How the Medical Home May Save Primary Care
Years ago, with his office in chaos, Peter Anderson, MD, looked for a better way to practice primary care. He found it by developing "family team care," a model that looks a lot like what we call today the patient centered medical home.
Peter Anderson, MD, would have quit medicine in 2002 if he'd had an alternative.
Run ragged by his role as a primary care physician who served as a "gatekeeper" to his patients, frustrated by having invested early in electronic medical records yet working longer and harder, and getting poorer as he added staffing to comply with administrative responsibilities foisted upon him by payers, he was depressed and looking for an exit strategy.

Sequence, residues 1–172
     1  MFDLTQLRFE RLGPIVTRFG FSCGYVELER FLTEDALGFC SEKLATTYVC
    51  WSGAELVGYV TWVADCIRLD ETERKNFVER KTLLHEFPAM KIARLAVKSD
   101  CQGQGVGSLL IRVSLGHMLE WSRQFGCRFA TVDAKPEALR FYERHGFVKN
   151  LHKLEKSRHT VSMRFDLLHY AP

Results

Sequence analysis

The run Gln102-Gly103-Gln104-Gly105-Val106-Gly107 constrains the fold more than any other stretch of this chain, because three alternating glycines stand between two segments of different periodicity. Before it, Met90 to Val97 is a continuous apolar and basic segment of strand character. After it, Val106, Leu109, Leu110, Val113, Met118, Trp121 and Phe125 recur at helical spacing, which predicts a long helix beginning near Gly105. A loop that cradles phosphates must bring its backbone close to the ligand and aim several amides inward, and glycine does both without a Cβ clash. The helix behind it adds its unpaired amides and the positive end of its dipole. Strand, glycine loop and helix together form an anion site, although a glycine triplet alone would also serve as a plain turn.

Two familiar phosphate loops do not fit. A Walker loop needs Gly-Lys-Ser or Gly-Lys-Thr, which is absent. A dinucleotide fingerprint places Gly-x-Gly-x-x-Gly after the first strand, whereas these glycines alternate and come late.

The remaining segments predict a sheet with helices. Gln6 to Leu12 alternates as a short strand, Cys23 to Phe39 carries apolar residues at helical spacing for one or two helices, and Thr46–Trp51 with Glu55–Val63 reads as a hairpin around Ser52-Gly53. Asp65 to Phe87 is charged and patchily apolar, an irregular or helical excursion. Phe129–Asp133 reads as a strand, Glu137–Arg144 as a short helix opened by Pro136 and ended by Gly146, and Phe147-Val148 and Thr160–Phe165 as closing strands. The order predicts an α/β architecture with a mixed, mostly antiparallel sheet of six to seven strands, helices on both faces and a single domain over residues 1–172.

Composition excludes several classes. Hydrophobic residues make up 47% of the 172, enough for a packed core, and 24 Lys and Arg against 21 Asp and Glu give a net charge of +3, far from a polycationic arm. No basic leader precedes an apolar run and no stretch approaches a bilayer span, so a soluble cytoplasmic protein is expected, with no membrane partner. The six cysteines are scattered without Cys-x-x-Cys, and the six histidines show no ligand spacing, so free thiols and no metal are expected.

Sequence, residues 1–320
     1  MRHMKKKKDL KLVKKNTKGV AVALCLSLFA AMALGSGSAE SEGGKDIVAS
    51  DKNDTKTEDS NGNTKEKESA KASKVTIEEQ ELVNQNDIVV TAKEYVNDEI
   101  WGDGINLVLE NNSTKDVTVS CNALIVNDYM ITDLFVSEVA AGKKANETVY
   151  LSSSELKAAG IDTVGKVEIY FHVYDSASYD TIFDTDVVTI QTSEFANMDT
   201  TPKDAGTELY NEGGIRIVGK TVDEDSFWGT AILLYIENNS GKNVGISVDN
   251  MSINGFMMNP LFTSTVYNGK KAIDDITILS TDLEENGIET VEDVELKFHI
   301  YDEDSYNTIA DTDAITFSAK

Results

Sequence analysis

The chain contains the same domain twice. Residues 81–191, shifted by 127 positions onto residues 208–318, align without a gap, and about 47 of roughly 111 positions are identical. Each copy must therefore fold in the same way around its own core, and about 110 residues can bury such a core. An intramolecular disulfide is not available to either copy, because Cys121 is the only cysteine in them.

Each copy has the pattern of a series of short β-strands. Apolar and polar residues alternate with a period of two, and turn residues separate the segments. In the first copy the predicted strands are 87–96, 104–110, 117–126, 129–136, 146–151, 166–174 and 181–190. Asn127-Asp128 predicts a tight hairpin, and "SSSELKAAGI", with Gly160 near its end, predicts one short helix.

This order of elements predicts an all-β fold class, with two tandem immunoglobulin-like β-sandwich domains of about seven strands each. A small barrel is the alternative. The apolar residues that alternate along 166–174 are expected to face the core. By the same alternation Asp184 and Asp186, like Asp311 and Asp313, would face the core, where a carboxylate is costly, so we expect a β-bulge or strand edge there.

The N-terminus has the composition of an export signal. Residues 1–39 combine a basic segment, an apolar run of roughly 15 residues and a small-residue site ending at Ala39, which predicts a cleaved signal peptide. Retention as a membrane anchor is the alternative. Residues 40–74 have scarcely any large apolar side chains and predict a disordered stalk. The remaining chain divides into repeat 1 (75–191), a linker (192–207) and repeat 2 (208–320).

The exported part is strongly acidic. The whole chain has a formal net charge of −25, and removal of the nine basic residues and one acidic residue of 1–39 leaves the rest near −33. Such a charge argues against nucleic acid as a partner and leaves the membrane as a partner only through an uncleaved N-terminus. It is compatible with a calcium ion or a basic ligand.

"When I went on an EMR, that cut my productivity by 35%, and I was paying $2,500 a month for that privilege," he says. "I knew EMRs were the future, and I didn't go to medical school to get creamed by a machine, but that's what happened."
Instead of practicing efficient and effective healthcare, Anderson says his goal became "seeing as many patients as I could without making a mistake."
Even that was not enough. His office was in chaos, two of his nurses were openly threatening to quit, and his patients were dissatisfied. Besides that, he didn't know them.
"I had to focus more attention on the EMR than on the patient and lost patient interaction," he says. "That loss of connection was disheartening, but you lived and died by that EMR chart."
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